Both supervisors assess the evaluation of clinical rotation. This evaluation aims to verify that public health modules are applicable and that students retain knowledge to pass the exit exam to become medical doctors [21]. Evaluation is used for corrective action and continuous improvement in public health studies. Additionally, the students complained about additional tasks in Puskesmas. Due to the burden of assistance in Puskesmas, they experienced difficulty accomplishing their assignments. Assignments during clinical rotation in Puskesmas were focusing on patients-centered approaches. This method improves skill, knowledge and experience to the real case in community and collaborations to other health-care workers [22]. Students can learn directly from the real patients, exploring their symptoms and finding the signs of a disease. In this manner, FM UII did not communicate to balancing the assignments in Puskesmas with community tasks in SMD and MMD programs. A robust communication between FM UII and Puskesmas is important to tackle this issue.
Our study had several limitations. First, this study was conducted in a single institution, FM UII. As a private organization, we implement the public health curricula differently, exclusively with a state-based university. To mitigate this constraint, we piloted an informal discussion with the neighboring university to catch the perspective implementation of the curriculum. Second, guideline implementation of public health curriculum by medical education collegium is insufficient to cover community problems. Few of the contents are based on clinical issues related to community problems. To diminish this issue, we only take the most common contents in the guideline that is implemented in our institution. Third, selection bias results from supervisors in Pukesmas lacking knowledge about the curriculum. To lessen this problem, we selected more experienced and trained supervisors who have been supervising since the start of the clinical rotation.
Further investigation is necessary to evaluate the public health clinical rotation program by involving multicenter universities and the best practicing public health curriculum to ensure that this educational pathway succeeds in enhancing students learning outcomes in the public health clinical rotation.
In Indonesia, public health clinical rotation is an obligation for medical students prior to being certified as a physician. Nevertheless, the regulation of MoH in health services has replaced the Alert Village with the PIS-PK. Consequently, based on the current policy that focuses on the role of family doctors in the community, FM UII modifies the curriculum. FM UII draw attention to several findings, including briefing sessions are coherent with guidebook, placement students in village, writing report format, scheduling after four major clinical programs, and evaluation in examination and burden of assignments.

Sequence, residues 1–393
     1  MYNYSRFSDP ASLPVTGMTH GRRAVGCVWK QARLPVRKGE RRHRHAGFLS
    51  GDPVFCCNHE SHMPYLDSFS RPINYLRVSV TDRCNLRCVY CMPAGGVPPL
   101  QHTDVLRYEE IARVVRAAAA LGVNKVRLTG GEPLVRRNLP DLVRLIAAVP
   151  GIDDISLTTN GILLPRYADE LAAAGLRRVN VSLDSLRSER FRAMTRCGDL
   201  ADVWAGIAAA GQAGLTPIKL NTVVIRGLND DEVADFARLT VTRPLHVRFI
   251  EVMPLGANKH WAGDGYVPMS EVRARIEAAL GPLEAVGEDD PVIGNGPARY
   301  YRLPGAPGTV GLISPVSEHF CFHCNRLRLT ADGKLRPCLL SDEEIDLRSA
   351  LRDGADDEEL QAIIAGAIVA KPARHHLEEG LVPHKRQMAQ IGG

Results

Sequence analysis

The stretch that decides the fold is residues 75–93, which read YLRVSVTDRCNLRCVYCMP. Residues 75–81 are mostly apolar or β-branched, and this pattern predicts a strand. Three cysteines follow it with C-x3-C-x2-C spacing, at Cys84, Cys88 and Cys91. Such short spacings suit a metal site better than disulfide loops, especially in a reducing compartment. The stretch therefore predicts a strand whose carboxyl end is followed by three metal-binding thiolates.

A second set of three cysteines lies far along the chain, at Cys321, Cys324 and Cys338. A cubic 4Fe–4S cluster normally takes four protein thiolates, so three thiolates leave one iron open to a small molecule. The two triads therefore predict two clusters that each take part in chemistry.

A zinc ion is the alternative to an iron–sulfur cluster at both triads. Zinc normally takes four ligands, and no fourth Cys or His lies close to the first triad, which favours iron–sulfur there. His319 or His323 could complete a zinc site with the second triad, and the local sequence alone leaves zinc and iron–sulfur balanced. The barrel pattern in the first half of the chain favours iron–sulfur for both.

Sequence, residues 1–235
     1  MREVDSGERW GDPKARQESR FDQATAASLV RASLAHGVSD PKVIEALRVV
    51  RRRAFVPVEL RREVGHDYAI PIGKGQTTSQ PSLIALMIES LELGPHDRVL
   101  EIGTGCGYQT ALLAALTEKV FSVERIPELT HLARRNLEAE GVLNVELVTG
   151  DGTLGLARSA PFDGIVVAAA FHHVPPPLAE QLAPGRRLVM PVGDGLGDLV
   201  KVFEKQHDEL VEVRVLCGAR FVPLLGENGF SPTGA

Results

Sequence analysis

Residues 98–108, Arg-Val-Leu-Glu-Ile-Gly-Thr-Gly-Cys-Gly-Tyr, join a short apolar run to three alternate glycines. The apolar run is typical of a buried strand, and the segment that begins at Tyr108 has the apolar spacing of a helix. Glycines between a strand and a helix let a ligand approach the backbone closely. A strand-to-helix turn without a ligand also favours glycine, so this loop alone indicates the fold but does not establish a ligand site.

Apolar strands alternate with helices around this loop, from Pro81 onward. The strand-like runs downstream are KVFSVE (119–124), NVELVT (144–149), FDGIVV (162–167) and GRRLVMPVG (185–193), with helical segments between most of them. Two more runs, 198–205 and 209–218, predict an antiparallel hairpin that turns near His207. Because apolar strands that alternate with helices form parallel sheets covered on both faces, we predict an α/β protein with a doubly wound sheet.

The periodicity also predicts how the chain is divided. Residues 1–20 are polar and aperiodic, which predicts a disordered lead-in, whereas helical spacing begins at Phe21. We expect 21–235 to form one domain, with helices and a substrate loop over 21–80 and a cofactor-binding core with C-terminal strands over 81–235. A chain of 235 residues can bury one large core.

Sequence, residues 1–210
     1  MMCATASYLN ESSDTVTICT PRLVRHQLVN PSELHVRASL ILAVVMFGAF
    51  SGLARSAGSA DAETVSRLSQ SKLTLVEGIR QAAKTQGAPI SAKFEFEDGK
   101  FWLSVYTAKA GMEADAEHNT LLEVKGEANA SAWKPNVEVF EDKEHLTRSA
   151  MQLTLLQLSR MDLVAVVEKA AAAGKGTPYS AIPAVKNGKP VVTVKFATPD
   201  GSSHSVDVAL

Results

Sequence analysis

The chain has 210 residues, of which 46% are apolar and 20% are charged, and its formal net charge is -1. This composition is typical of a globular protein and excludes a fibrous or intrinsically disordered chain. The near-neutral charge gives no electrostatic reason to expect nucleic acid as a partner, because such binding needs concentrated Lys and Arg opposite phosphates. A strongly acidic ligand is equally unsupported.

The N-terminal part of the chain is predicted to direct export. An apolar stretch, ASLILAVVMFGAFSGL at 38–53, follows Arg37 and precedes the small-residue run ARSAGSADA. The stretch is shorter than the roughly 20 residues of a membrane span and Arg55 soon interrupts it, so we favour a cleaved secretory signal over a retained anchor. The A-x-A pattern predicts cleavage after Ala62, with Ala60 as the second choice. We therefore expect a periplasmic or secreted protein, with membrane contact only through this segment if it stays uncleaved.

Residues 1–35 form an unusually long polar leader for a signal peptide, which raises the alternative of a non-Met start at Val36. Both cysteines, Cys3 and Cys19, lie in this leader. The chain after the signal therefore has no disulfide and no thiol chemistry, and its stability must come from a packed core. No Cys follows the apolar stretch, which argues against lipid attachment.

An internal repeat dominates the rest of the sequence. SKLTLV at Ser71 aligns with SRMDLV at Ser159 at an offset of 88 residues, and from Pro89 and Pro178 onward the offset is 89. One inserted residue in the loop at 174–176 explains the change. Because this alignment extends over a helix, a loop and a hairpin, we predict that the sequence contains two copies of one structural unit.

We thank to medical students, supervisors in faculty of medicine and Puskesmas who participated in this study. We also thank to Heni Ari Nur Rohmawati from Vernacular Edu for proofreading this manuscript.


Conflicts of interest: Sani Rachman Soleman receives fellowship grant from the Japan Society Promotion Science (JSPS) for his doctoral degree. Except for that, no potential conflict of interest relevant to this article was reported.
Author contributions: PLH planned, surveyed, and collected the data. SRS collected and analyzed the data. Both authors wrote and reviewed the manuscript.
Funding: This study was funded by Faculty of Medicine, Universitas Islam Indonesia with program “Hibah Penelitian Kolaborasi”.

Fig. 1
Evaluation Cycle in Medical Education
Fig. 2
Public Health Clinical Rotation Scheme in the Faculty of Medicine, Universitas Islam Indonesia
SMD: Survey Mawas Diri, MMD: Musyawarah Masyarakat Desa.
Table 1
The Difference between Video-Based and Classroom Teaching Based on Students’ Evaluation and Educational Level
Theme Subtheme Core finding
Preparation Placement in Puskesmas and village
  • - Department of Public Health Faculty of Medicine, Universitas Islam Indonesia has the authority to select Puskesmas in Magelang Regency or Sragen Regency

  • - Puskesmas has the authority to select the village

Briefing session
  • - More detailed and comprehensive, exclusively explanation in a guide book.

Implementation Curriculum
  • - Conducting “Survey Mawas Diri” and “Musyawarah Masyarakat Desa” directly in the community

  • - Adjustment to Program Indonesia Sehat-Pendekatan Keluarga health policy focusing on a family approach

  • - Students’ preference

Writing report
  • - Format of report

Evaluation Competence
  • - There were three domains of competence, such as knowledge, affective, and psychomotor.

  • - Assignment for students in Puskesmas